Crews busy setting up before the Tree Lighting Ceremony at Rockefeller Center. INSET : PR G used gear by VUE Audiotechnik for the first time this year. NEW YORK, NY—In New York City, the Christmas season doesn’t officially start until the tree at Rockefeller Plaza is lit— an event that happened December 1st during the televised annual Rockefeller Center Tree Lighting Ceremony. As always, Armonk, NY-based Production Resource Group (PRG) handled the event’s audio, but sadly, this year’s edition found the audio team remembering Jim Lovell of Cold Spring, NY, an audio crewmember who died only days earlier in a train derailment north of the city. NBC dedicated the broadcast to Lovell.
Of course, the show must go on, and it did, with a strong list of performers for the event, including Mary J. Blige, Goo Goo Dolls, Jewel and Mariah Carey. PRG has handled the event for more than two decades.
Beneath the 76-foot Norway spruce that was shipped to New York City back in early November sits the famous Rockefeller Center skating rink, which in turn held one stage, along with a VIP area. A second, smaller stage was located on the east side of the skating rink to alternate performances during the broadcast special. For speakers on those areas, PRG used a VUE Audiotechnik al-4 line array system.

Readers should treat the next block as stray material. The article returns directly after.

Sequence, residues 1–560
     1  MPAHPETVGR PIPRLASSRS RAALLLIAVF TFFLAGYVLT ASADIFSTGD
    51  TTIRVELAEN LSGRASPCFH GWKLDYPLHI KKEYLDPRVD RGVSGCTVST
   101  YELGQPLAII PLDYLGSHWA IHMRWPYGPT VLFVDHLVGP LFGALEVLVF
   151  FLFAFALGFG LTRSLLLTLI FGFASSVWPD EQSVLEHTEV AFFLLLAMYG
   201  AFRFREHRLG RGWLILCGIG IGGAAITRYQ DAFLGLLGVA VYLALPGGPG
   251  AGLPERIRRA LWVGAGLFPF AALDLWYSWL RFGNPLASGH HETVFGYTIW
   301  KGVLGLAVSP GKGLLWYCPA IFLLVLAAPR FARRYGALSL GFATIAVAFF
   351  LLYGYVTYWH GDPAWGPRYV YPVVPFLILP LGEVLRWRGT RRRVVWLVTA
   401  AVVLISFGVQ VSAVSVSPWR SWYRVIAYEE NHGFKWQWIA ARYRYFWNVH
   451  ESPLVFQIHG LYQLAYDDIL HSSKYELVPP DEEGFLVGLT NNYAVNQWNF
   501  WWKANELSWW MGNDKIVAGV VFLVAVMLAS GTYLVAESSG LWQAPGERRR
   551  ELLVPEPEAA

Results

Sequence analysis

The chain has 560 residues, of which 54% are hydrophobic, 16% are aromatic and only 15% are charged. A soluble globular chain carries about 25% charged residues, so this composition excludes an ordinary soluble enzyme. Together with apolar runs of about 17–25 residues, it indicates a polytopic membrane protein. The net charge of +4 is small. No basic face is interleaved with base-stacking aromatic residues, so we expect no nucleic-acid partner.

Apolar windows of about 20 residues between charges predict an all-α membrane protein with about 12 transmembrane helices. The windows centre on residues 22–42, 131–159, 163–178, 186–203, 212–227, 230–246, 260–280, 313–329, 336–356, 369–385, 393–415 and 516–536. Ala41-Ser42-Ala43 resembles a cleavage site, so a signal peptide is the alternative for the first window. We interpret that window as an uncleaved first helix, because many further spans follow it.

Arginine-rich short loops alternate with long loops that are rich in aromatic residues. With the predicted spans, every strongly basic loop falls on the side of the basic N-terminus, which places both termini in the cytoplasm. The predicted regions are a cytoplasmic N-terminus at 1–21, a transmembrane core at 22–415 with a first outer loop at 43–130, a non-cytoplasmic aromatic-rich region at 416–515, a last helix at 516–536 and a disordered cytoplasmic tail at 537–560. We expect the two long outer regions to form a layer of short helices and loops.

For the public audience, the set up for the event covered a four block area, spanning from 48th Street to 51st Street between 5th and 6th Avenues in the center of Manhattan. To help distribute the sound down the streets, PRG set up al-4 and L-Acoustics V-Dosc line array systems on stands that cranked up above the crowds during the performance. “It’s a lot of area to cover, and we couldn’t do something like this without a quality speaker,” said Bob Rendon, vice president, Audio, at PRG
Three Yamaha PM5D consoles controlled the stages, with two for monitors and a third for FOH, manned by engineer Joe Turiczek. All of the wireless systems and mics, including a bedazzled Shure UR2 mic for Mariah Carey, were provided by Clair Global’s wireless division.
On Sunday, December 1, Lovell, 58, was traveling into New York City on the Metro-North Hudson train line when the train derailed. Lovell was one of four passengers who died that day.
Lovell, a freelance audio engineer with PRG, had worked on the tree lighting ceremony for 18 years, Rendon said, and had been traveling into the city that morning to help set up for Wednesday’s event. He described Lovell as a kind, dedicated worker, who always showed up early ready to work, rain or shine.
Members of Lovell’s community have started an online fundraiser to help support Lovell’s family. To donate, visit http://www.gofundme. com/5jmdbg. At press time, the fundraiser, intended to raise $15,000, has already passed the $110,000 mark.